Is Meal Kit Delivery a Healthy Choice?

Is Meal Kit Delivery a Healthy Choice?

As regular readers of my blog know, eating fresh, whole foods–from organic sources when possible–provides a host of health benefits.

To name just one example, loading your plate with vegetables and fruit will supply you with cancer fighting phytonutrients, as well as many other nutritional bonuses.

Although my readers and patients have known this for years, the word has gotten out. Today, most people know one of the best roads to good health is choosing a variety of fresh, unprocessed food and cooking at home. 

But just because we know something is good for us doesn’t mean it’s easy to do. Cooking a variety of healthy meals every day can pose serious challenges–from time, to meal planning, to budget constraints. Enter home delivery meal kits.

The Popularity of Meal Kits

About five years ago, a number of businesses started offering solutions to these challenges by introducing meal kits.

You’ve probably heard of the biggest names in the meal kit sphere: Blue Apron and Hello Fresh. These meal kit services were initially subscription, mail order deliveries.

You sign up for the service, choose how many people you need to feed and how often you’d like to receive the meal kits. Then, packages arrive containing all the fresh ingredients you need to make delicious home-cooked meals. They come with instructions that help you prepare each recipe. 

Meal kits have grown in popularity every year since they were introduced. According to Supermarket News, sales of meal kits in the U.S. are projected to grow by double digits over the next few years.

This is happening in spite of the fact that the subscription model has been fading in popularity. Although impressive numbers of people sign up for the subscriptions, many of them cancel within the first few months.

This is due, in part, to the fact that most large supermarket chains are now offering meal kits in their stores. 

Are Meal Kits Healthy? 

Since meal kits mostly use fresh, unprocessed food, the answer is generally yes. But as usual it pays to read the labels. As the Washington Post observes, “There is a tremendous range, even within individual services, in healthfulness, depending on the meal chosen.”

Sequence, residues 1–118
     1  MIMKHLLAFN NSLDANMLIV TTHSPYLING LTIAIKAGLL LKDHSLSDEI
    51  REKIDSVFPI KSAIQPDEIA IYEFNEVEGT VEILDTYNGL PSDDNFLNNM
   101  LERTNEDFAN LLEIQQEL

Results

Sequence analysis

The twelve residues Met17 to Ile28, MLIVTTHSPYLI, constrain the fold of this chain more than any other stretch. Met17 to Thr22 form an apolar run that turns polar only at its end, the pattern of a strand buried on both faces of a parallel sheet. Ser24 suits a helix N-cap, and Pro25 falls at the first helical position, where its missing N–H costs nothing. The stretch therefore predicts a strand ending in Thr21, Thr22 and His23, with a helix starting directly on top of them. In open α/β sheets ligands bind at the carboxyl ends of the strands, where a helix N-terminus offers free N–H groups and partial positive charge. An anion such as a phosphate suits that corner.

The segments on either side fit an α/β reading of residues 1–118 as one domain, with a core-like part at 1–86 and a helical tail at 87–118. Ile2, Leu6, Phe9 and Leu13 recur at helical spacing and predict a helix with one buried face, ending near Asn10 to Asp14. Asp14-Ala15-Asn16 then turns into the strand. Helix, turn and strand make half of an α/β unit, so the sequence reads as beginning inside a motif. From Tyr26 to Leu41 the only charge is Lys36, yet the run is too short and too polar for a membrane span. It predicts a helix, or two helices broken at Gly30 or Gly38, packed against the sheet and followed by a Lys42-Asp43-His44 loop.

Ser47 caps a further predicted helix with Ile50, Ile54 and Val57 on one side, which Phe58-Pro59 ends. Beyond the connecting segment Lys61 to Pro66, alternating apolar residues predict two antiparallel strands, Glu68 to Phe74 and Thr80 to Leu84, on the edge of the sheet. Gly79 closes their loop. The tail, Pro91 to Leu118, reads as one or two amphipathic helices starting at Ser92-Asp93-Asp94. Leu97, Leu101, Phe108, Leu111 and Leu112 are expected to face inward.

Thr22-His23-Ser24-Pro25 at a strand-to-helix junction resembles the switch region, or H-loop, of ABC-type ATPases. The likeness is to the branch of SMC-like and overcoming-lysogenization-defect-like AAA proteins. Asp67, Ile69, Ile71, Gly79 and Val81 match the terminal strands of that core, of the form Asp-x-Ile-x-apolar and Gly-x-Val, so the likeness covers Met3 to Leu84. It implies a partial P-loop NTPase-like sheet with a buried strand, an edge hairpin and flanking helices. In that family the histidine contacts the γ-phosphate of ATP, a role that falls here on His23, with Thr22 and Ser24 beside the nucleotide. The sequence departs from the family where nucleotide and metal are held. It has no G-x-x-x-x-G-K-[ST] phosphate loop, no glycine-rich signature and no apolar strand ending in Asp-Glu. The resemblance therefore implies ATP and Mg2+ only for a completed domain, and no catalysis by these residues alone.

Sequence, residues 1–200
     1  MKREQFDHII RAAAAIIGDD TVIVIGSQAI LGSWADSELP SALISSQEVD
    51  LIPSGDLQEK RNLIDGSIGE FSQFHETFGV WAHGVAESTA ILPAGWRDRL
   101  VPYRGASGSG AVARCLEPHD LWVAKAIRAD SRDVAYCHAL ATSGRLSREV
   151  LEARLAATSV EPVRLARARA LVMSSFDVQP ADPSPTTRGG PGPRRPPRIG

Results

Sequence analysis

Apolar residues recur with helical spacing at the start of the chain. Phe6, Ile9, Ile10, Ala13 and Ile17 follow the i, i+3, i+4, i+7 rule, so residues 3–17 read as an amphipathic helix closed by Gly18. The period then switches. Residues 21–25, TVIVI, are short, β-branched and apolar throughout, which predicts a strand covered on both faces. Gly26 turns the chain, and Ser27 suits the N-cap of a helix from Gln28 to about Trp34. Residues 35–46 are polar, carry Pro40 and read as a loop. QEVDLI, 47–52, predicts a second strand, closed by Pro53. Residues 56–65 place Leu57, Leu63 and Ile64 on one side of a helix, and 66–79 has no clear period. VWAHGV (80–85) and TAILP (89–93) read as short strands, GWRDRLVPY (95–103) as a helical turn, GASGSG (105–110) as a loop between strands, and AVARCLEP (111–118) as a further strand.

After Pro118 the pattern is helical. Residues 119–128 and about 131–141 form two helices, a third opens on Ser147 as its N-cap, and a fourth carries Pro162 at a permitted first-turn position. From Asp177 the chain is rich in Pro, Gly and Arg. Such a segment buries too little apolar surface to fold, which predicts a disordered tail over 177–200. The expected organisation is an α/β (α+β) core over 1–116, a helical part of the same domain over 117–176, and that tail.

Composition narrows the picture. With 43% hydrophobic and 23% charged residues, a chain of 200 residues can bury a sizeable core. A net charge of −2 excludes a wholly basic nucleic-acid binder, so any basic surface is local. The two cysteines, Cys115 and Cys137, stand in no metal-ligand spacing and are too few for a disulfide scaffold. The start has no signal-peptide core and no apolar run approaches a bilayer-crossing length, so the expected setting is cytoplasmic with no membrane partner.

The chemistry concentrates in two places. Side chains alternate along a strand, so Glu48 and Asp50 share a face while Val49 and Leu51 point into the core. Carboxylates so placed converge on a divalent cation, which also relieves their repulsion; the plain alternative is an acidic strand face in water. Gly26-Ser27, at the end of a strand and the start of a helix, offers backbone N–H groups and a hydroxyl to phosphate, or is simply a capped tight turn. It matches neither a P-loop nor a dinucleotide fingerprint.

Some meal kits are high in calories. Others have more saturated fat than you might want to consume in one meal. Some are heavy on red meat and cheese. 

However, the benefits of meal kits outweigh these issues. Meal kits can boost your health because they:

  • Come in healthy portions and can help you re-think how much food should be in a serving.
  • Easily offer a wide variety of foods, which is something most of us struggle to acquire.
  • Teach you a lot about how to cook.
  • Introduce you to a variety of cuisines, which can help reduce the temptation to choose junk food or fast food instead. 

Are Meal Kits Bad for the Environment?

Due to the fact that each ingredient is packaged separately in order to keep them fresh, meal kits use a lot of packaging. Each one brings lots of cardboard and plastic into your home.

This has raised environmental concerns. Are meal kits generating too much waste? 

Some of the elements of meal kits, like the paper used in the packaging, is recyclable, but the bulk of the packaging is not. This is definitely one of the downsides to cooking from them. 

On the other hand, due to their portion control, meal kits are great at reducing food waste. You only prepare what you will be eating, so there is almost no food wasted.

According to the U.S. Department of Agriculture, we waste between 30-40% of our food supply, so this is a significant benefit to meal kits. 

In general, meal kits are worth looking into, even if it’s just to try them occasionally. Especially if you’re someone who struggles to prepare enough fresh food and often find yourself tempted to order takeout or head to a fast food drive-through. Meal kits are a much healthier option.


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